3

We use logstash to store/search logs from our mail servers. I noticed today that we didn't have any indices from this year (2015). Quick investigation showed that current logs were being stored as 2014.01.05 (ie same day but last year) and these indices were being deleted by a cron job that looks for old indices.

Restarting logstash fixed things so I assume that logstash is filling in the year information based on the time it started.

We're running Logstash 1.4.1 with Elasticsearch 1.2.4. So not the latest version of Elasticsearch but I don't see anything relevant in the changelog for 1.4.2.

Log entries are sent to logstash using syslog - config below along with example of input line and parsed output.

Is there a better fix for this than just remembering to restart Logstash on New Year's day?


Example of input line

Jan  5 15:03:35 cheviot22 exim[15034]: 1Y89Bv-0003uU-DD <= redmine@ncl.ac.uk H=adudeviis.ncl.ac.uk (campus) [10.8.232.56] P=esmtp S=2548 id=redmine.journal-1487.20150105150334@ncl.ac.uk

{
  "_index": "logstash-2014.01.05",
  "_type": "mails",
  "_id": "HO0TQs66SA-1QkQBYd9Jag",
  "_score": null,
  "_source": {
    "@version": "1",
    "@timestamp": "2014-01-05T15:03:35.000Z",
    "type": "mails",
    "priority": 22,
    "timestamp": "Jan  5 15:03:35",
    "logsource": "cheviot22",
    "program": "exim",
    "pid": "15034",
    "severity": 6,
    "facility": 2,
    "facility_label": "mail",
    "severity_label": "Informational",
    "msg": "1Y89Bv-0003uU-DD <= redmine@ncl.ac.uk H=adudeviis.ncl.ac.uk (campus) [10.8.232.56] P=esmtp S=2548 id=redmine.journal-1487.20150105150334@ncl.ac.uk",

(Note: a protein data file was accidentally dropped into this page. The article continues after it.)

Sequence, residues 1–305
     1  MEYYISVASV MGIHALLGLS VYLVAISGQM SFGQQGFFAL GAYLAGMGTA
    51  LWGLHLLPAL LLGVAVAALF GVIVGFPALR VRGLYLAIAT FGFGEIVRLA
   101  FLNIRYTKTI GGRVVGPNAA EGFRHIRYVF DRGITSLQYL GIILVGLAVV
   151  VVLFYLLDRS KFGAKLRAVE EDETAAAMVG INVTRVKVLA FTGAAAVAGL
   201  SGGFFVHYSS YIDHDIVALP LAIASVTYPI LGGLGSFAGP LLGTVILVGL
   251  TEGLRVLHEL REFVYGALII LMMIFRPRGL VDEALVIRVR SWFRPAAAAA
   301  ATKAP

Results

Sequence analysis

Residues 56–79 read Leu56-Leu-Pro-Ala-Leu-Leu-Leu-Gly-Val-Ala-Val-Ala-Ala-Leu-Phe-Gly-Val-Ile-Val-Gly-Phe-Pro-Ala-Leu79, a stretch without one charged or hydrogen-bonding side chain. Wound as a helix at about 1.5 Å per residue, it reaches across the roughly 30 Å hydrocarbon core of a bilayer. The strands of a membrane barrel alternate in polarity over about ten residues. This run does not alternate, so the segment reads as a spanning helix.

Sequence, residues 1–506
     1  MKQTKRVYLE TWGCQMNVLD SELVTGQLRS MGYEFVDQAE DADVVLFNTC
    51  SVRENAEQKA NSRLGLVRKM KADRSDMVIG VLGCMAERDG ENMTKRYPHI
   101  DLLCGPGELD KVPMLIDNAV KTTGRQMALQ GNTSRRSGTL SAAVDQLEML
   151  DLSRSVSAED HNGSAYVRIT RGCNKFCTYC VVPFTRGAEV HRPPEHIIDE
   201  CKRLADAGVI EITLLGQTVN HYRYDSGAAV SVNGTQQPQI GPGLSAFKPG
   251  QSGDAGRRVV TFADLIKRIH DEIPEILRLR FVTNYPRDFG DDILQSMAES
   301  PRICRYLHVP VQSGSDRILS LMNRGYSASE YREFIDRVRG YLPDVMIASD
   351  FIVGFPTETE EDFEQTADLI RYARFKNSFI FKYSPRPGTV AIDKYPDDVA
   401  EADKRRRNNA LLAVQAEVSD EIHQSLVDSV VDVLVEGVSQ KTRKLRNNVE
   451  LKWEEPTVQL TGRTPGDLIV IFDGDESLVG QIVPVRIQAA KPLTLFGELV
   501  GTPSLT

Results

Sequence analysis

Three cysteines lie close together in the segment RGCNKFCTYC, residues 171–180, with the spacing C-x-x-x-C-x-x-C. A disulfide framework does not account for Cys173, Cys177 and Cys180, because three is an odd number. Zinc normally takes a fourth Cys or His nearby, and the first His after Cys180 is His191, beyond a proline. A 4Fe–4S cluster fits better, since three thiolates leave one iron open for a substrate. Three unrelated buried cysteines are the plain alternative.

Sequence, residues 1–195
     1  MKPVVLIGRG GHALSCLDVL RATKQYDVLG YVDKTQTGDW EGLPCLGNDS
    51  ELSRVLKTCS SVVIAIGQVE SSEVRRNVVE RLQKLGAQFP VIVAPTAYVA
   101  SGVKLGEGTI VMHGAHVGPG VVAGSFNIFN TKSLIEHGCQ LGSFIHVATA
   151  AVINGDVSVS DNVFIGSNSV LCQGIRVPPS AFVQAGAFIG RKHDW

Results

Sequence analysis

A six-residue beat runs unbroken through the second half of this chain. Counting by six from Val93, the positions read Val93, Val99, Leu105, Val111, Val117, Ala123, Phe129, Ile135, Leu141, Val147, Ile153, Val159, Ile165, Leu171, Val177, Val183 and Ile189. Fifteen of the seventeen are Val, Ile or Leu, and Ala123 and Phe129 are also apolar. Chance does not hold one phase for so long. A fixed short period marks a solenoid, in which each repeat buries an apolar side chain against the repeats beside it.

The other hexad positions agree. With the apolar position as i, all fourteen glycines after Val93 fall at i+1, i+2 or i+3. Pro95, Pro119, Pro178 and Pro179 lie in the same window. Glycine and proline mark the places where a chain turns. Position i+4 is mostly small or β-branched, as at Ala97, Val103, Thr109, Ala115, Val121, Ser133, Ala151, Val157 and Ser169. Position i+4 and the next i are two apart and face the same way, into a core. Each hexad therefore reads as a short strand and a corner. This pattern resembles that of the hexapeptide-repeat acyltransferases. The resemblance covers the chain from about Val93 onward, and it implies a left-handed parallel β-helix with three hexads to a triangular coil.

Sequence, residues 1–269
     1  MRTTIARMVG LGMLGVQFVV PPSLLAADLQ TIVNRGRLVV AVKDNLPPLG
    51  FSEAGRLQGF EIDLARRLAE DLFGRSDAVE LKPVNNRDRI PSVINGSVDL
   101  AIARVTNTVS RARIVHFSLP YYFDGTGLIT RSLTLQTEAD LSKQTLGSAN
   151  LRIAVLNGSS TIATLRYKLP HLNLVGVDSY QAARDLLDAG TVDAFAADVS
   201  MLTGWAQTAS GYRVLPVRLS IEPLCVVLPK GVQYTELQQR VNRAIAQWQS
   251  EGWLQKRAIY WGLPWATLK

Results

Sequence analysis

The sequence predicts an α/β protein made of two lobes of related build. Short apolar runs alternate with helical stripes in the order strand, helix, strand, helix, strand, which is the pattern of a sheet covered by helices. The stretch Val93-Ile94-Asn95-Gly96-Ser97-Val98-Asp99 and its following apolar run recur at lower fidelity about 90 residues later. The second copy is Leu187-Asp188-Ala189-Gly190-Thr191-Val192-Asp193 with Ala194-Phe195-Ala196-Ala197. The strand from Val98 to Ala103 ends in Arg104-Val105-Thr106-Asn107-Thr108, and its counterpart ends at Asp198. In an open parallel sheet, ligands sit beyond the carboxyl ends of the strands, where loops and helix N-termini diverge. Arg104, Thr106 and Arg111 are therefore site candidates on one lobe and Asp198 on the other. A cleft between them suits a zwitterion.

"tags": [
      "grokked",
      "exim_grokked",
      "dated"
    ],
    "xid": "1Y89Bv-0003uU",
    "exim_rcpt_kv": "redmine@ncl.ac.uk H=adudeviis.ncl.ac.uk (campus) [10.8.232.56] P=esmtp S=2548 id=redmine.journal-1487.20150105150334@ncl.ac.uk",
    "H": "adudeviis.ncl.ac.uk",
    "P": "esmtp",
    "S": "2548",
    "id": "redmine.journal-1487.20150105150334@ncl.ac.uk"
  },
  "sort": [
    1388934215000,
    1388934215000
  ]
}

Logstash config (with irrelevant bits removed) ...

input {
    syslog {
        codec => "plain"
        debug => false
        port => 514
        type => "mails"
    }
}

filter {
    mutate {
        remove_field => [ "path", "host" ]
    }

    if [type] == "mails" {
        grok {
            patterns_dir => [ "/etc/logstash/patterns" ]
            match => [ "message",  "(?<msg>.*)" ]
            add_tag => [ "grokked" ]
            break_on_match => true
            remove_field => [ "message" ]
        }
    }

    date {
        match => [ "timestamp", "ISO8601", "MMM dd HH:mm:ss", "MMM  d HH:mm:ss"]
        add_tag => [ "dated" ]
    }
}

output {
        elasticsearch {
                cluster => "logstash"
        host => "iss-logstash01"
        flush_size => 1000
        index => "logstash-%{+YYYY.MM.dd}"
        }
}
2

Found a pointer to answer in the logstash-users Google group (which had slipped my mind). Recent discussion pointed to https://logstash.jira.com/browse/LOGSTASH-1744 which (a) confirms that other people are seeing the same as me and (b) offers a couple of possible solutions.

Option 1 is a patch to Elasticsearch (not in the standard distribution) which updates Logstash's idea of the current year.

Option 2 is to not parse the timestamp from the syslog line and instead just rely on the time the message arrives with Logstash. This is probably an acceptable solution for us since ordering of lines is more important than exact time (as long as it's close).

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